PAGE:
I was strolling through The Art Institute of Chicago when I came across a painting from John Philip Simpson, an English artist, titled "The Captive Slave."
Simpson painted it in 1827, and it portrays a black man wearing an orange shirt with shackles around his wrists. The man's face is turned heavenward as if he was praying for deliverance, and it appears there are tears welling up in his eyes.
This painting was considered controversial at the time because of the national debate in England concerning the moral and political issues of slavery. Ultimately the British Parliament, six years later, would abolish slavery. Ira Aldridge, a freeman born in New York to a lay preacher, posed for this painting. He later became a famous actor on the British stage.
This painting might have caught my attention because Passover is this week. The way Simpson captured the pathos and pain of this man touched me as I contemplated the history of my own people who also yearned for freedom.
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Thirty-five years earlier, in 1792, a French painter named Philippe Jacques-Loutherbourg created a painting, "The Destruction of Pharaoh's Army," of Moses and his people standing at the shores of the Sea of Reeds and watching the ocean waters drown Pharaoh's army.
Moses, who is depicted with flaming red hair, stands upon the rocks with his staff pointing toward heaven. He looks defiantly down upon the soldiers in the water. His followers are huddled around him between the rocks, some looking on in astonishment at the miraculous power he invoked from God and others looking upward to the heavens, still others turning their eyes in relief and thanksgiving toward Moses himself.
In both pieces of art I could behold the entire Passover narrative, which is the story that begins in servitude and concludes with the miraculous, whereby God sets the Israelites free and destroys Pharaoh's army in the Sea of Reeds.
The power of art is that it tells a story. The painting can convey an emotional feeling that can take us back to the time the painter tries to re-create for us. These painters evoke empathy and stir our memories.
Throughout the Middle Ages, Judaic law forbid the creation of graven images. This prevented Jewish artists from painting. There is, however, a tradition of Haggadot, or the books we read at the Passover dinner service. There is a great history of beautiful art in illuminated manuscripts in these holy books over the centuries depicting Moses and the Israelites.
Whether we are viewing visual art or we are reading the text of the story itself, we transcend time and space to remember the past. The singing of traditional songs recounting our slavery and redemption or performing the rituals takes us through that historic experience of leaving Egypt -- and the near catastrophe of being overrun by Pharaoh's chariots bent on seeking revenge for the final plague against the Egyptian first born. This is the core of how Jews celebrate Passover.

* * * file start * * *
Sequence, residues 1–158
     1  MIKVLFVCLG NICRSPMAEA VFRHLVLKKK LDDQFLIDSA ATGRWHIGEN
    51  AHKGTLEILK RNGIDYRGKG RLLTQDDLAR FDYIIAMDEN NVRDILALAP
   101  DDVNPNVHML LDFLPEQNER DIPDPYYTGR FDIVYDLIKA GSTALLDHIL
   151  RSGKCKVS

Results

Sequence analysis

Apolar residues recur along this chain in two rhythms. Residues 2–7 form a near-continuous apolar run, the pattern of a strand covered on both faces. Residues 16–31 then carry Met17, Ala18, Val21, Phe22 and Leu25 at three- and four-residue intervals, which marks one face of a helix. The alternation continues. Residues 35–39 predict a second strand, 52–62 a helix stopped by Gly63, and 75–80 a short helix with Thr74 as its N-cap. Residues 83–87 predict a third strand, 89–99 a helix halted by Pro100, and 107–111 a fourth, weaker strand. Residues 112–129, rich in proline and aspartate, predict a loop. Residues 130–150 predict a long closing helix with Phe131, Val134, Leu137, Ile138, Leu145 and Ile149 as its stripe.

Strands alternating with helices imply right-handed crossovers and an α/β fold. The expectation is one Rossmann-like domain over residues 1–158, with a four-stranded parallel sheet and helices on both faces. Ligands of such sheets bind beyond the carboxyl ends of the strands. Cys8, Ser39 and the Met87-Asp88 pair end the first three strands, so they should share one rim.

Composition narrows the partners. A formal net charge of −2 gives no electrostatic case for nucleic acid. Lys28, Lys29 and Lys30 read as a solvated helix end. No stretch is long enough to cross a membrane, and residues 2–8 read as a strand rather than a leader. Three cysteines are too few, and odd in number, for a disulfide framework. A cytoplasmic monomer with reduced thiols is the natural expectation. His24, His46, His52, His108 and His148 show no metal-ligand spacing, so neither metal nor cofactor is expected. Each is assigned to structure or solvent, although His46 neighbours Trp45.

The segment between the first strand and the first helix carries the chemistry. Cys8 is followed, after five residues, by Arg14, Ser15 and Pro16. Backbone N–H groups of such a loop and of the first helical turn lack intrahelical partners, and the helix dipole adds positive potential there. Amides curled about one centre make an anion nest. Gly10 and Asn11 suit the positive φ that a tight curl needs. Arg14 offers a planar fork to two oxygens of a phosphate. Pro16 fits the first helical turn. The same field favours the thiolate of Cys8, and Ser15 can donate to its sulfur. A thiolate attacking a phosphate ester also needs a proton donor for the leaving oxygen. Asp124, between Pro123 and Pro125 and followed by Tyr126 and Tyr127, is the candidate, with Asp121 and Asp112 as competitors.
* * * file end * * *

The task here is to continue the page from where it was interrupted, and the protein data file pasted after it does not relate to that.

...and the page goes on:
If we have done our spiritual work right, we can transport ourselves to that place and time in ancient Egypt as if we were eyewitnesses to our own liberation. That is the spiritual moment we are aiming for in observing Passover.
Empathizing with a portrait of a 19th century slave in chains or an 18th century painting of Moses at the Sea of Reeds helps connect us to the larger Passover message, which is that we strive to self-identify with history and not simply sit down to dinner and eat the food of the Passover Seder meal.
The fact that non-Jewish painters depicted themes that taught the history of the Exodus or evoked the cruelty of contemporary slavery in 19th century England demonstrates that the holy day of Passover resonates in the hearts and minds of Christians as well as Jews.
Slavery was, and is today, an abhorrent institution. Passover commemorates a national and spiritual rebellion against Egypt for enslaving the Israelites for more than 400 years. The rituals in the Passover service or Seder re-create those moments and help us remember the outstretched hand of God as the deliverer.
This coming week, Jewish families and friends will read from the Haggadah and eat the traditional foods.
Even though Passover is exclusively a Jewish holy day, it does possess a universal theme of freedom for humanity, which inspired writers and painters in history up through today. This ethos to identify with the slave comes from God's command to Israel to remember that "you were strangers in the land of Egypt." This lesson is ingrained in the spiritual DNA of the Jewish people and the faith in God to give us the Torah at Mount Sinai as the great theophany, which redeemed us from Egyptian bondage.
The revelation of the laws and the teachings of Torah, as well as the rest of the Bible, are shaped by this time-honored story as the central narrative of the Hebrew Scriptures. The inspiration of the painters preserved the universal feeling of the cruelty of slavery as well as the experience of divine retribution against their Egyptian taskmasters.
These artists contributed to a deeper understanding in western civilization on why the Exodus of the Jews out of Egypt was truly a universal event to teach us that no people should be enslaved to another and that one should never give up on God to lead us from servitude to freedom.
Columnist Rabbi Brad L. Bloom is the rabbi at Congregation Beth Yam on Hilton Head Island. He can be reached at 843-689-2178. Read his blog at www.fusion613.blogspot.com and follow him at twitter.com/rabbibloom.